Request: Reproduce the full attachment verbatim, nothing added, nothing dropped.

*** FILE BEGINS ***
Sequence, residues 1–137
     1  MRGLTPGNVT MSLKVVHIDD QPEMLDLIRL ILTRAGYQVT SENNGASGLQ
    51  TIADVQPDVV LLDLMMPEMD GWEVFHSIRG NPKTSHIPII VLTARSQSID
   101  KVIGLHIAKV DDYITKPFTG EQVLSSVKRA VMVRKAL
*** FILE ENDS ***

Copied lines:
Sequence, residues 1–137
     1  MRGLTPGNVT MSLKVVHIDD QPEMLDLIRL ILTRAGYQVT SENNGASGLQ
    51  TIADVQPDVV LLDLMMPEMD GWEVFHSIRG NPKTSHIPII VLTARSQSID
   101  KVIGLHIAKV DDYITKPFTG EQVLSSVKRA VMVRKAL